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What is stress eating and 7 ways to avoid it

Do you ever find yourself reaching for a packet of biscuits or grabbing some fast food after a stressful day at work? Maybe snacking at your desk has become your go-to strategy when trying to meet a tight deadline? 

If this sounds like you, you’re not alone. In this article, we’ll take a closer look at the reasons why we eat when stressed and explore preventative measures to break the cycle. 

Want to skip to the section where you find exactly what methods are used to avoid stress eating? View the table of contents below. 

What is stress eating? 

Often referred to as comfort or emotional eating, stress eating is where we reach out for snacks as a reaction to emotional stress rather than as a result of actual hunger.  

Why do we eat when stressed? 

A 2018 survey conducted on behalf of the charity Mental Health Foundation revealed that 46% of those surveyed admitted they ate too much or ate unhealthily due to stress.  

Feeling under pressure can trigger the release of hormones such as cortisol, which can lead to cravings for comfort foods, usually rich in sugar, fat, and calories, as a short-term method to reduce stress levels. This can contribute to: 

  • weight gain 
  • craving more and more comfort food 
  • greater risk of heart disease, diabetes and other chronic diseases 
  • disrupted sleep patterns 

How to avoid stress eating 

Below are 7 strategies to try if you’re looking to curb your stress-eating habits: 

1. Identify your stress eating triggers 

Recognising your triggers enables you to identify situations where you’re likely to get stressed and put measures in place to swerve the temptation to stress eat. For example, you might find yourself eating more when trying to hit a deadline or when dealing with family conflict. At this point, taking some time away for yourself or practising mindfulness exercises can help steer you towards healthier coping mechanisms. 

2. Swap food for exercise 

When everything starts to get on top of you, don’t reach for the biscuit tin…reach for your trainers instead! Exercise not only boosts your overall health, fitness levels and mental wellbeing, it’s also a great stressbuster, releasing your brain's feel-good neurotransmitters endorphins. These are your body’s natural painkillers, but they also promote feelings of pleasure too. Even a brisk 10 minute walk a day can work wonders for your stress levels, leaving you feeling calmer and more refreshed.  

3. Practise mindful eating 

Mindful eating (being fully present and attentive to what you are eating and how it makes you feel) is a great way to tackle stress eating as it helps you pay closer attention to what your body actually needs. By practising mindful eating, you can take the time to understand your hunger signals, helping you distinguish between emotional and physical hunger. 

4. Start a food journal 

A food diary can help you keep tabs on the what / when / why of your eating habits. By listing all the food and drink you consume on a daily basis, you’ll start to spot the triggers and patterns of eating when stressed. If you notice you snack more after a bad day at work or home, you’ll be able to take steps to avoid using food as a coping mechanism. These steps might include drinking more water, heading outside for exercise and keeping sugary or salty comfort foods off the shopping list.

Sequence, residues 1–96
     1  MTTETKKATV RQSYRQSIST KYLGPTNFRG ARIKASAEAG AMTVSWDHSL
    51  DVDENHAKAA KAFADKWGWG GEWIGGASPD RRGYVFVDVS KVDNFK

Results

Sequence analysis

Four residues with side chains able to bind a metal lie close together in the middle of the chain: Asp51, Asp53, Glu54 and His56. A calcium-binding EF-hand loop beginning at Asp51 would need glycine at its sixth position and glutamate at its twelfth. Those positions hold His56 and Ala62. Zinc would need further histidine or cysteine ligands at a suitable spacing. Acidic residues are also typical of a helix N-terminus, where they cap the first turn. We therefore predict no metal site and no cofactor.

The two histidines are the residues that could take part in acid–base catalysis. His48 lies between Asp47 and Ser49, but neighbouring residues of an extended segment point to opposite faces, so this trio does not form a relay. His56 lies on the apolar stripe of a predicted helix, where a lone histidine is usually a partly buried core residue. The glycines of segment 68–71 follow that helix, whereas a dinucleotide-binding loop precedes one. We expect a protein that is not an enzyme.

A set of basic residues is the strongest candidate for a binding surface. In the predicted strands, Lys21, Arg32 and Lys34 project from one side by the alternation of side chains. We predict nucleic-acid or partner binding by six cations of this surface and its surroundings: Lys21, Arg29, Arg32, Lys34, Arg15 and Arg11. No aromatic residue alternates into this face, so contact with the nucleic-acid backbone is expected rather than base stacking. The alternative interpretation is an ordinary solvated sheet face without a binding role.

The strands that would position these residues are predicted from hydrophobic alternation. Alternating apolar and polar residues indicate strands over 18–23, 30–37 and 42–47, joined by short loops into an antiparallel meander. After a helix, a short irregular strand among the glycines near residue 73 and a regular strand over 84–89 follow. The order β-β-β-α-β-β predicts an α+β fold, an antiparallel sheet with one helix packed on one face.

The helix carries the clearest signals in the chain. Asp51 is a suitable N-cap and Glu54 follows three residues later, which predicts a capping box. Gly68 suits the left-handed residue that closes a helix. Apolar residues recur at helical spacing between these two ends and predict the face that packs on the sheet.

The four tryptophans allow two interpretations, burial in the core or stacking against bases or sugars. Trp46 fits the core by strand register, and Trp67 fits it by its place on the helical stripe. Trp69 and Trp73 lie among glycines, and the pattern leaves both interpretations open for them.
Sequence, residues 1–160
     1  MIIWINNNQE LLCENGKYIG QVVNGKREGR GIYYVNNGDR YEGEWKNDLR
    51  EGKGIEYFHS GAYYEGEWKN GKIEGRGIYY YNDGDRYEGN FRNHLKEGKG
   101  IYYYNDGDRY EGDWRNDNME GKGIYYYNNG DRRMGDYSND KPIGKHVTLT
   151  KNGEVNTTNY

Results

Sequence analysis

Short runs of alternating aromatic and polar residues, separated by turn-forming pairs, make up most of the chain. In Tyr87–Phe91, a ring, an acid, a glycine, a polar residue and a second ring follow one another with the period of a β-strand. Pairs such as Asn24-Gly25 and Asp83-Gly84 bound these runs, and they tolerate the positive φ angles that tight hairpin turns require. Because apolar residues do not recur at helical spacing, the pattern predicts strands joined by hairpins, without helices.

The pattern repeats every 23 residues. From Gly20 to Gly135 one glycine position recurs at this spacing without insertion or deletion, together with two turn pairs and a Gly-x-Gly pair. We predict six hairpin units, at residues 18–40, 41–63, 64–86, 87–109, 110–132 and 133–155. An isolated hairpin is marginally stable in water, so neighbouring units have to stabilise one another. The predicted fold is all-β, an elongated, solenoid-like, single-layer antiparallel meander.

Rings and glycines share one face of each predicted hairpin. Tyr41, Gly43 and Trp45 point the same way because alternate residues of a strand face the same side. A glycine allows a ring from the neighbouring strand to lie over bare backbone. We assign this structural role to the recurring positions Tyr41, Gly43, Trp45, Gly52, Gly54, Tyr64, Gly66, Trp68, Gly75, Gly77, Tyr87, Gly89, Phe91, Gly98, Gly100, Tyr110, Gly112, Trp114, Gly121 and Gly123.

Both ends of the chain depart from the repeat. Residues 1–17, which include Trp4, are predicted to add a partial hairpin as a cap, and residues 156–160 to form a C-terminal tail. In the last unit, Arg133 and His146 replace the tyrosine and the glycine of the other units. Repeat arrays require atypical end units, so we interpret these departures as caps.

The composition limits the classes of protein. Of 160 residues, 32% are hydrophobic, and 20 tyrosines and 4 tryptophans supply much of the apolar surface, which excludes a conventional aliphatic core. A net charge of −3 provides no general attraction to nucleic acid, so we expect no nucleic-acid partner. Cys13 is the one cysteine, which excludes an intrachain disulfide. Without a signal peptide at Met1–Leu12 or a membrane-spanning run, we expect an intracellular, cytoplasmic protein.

5. Eat a balanced, healthy diet 

A balanced diet can help combat stress eating by providing your body and mind with essential nutrients required to tackle stress. Not only can eating healthily stabilise your blood sugar levels, helping to prevent energy dips, it can also help keep you fuller for longer, making you less likely to snack. 

6. Drink more water 

Drinking water at regular intervals is great for your all-round health but can also be a great antidote to stress-eating by helping you feel more energised and fuller for longer. When you're hydrated, the body is less likely to mistake thirst for hunger. Additionally, taking slow and steady sips of water can be soothing in itself, promoting a sense of calm.

7. Take time out for yourself

Removing yourself from a stressful environment and taking time out for yourself to do activities you enjoy, be it listening to music, reading, walking or yoga, enables you to shift focus away from the triggers of stress-eating. Some much needed ‘me’ time reduces overall stress levels, making you less inclined to seek comfort in food. Additionally, engaging in self-care promotes mindfulness, making you more aware of emotional and physical hunger cues.  

Want to discover more on how to combat stress eating? 

We all feel the heat from time to time and it's common to seek temporary solace in a sugary treat to distract ourselves from the negative emotions we may be feeling. The important thing is to not let food become the go-to method for tackling stress, as any short term benefits will rapidly be outweighed by long term detrimental effects. 

If you’re keen to explore more way to stop stress eatingbing eating when stressed, LiveWell Dorset is here to help. We’ve got lots of great resources on our website and our coaches can help create personalised plans designed to support you and your health goals. Simply register with us today or get in touch if you'd like to find out more. 


Do not suffer alone, help is out there. For specialist advice call Beat Eating disorders, a UK based charity whose mission is to end the suffering caused by eating disorders. 

England Helpline: 0808 801 0677 

Scotland Helpline: 0808 801 0432 

Wales Helpline: 0808 801 0433 

Northern Ireland Helpline: 0808 801 0434 

Further reading 


I drank too much alcohol and had unhealthy eating habits. Pastry is such a bad thing, it's all those pies, pasties and sausage rolls!

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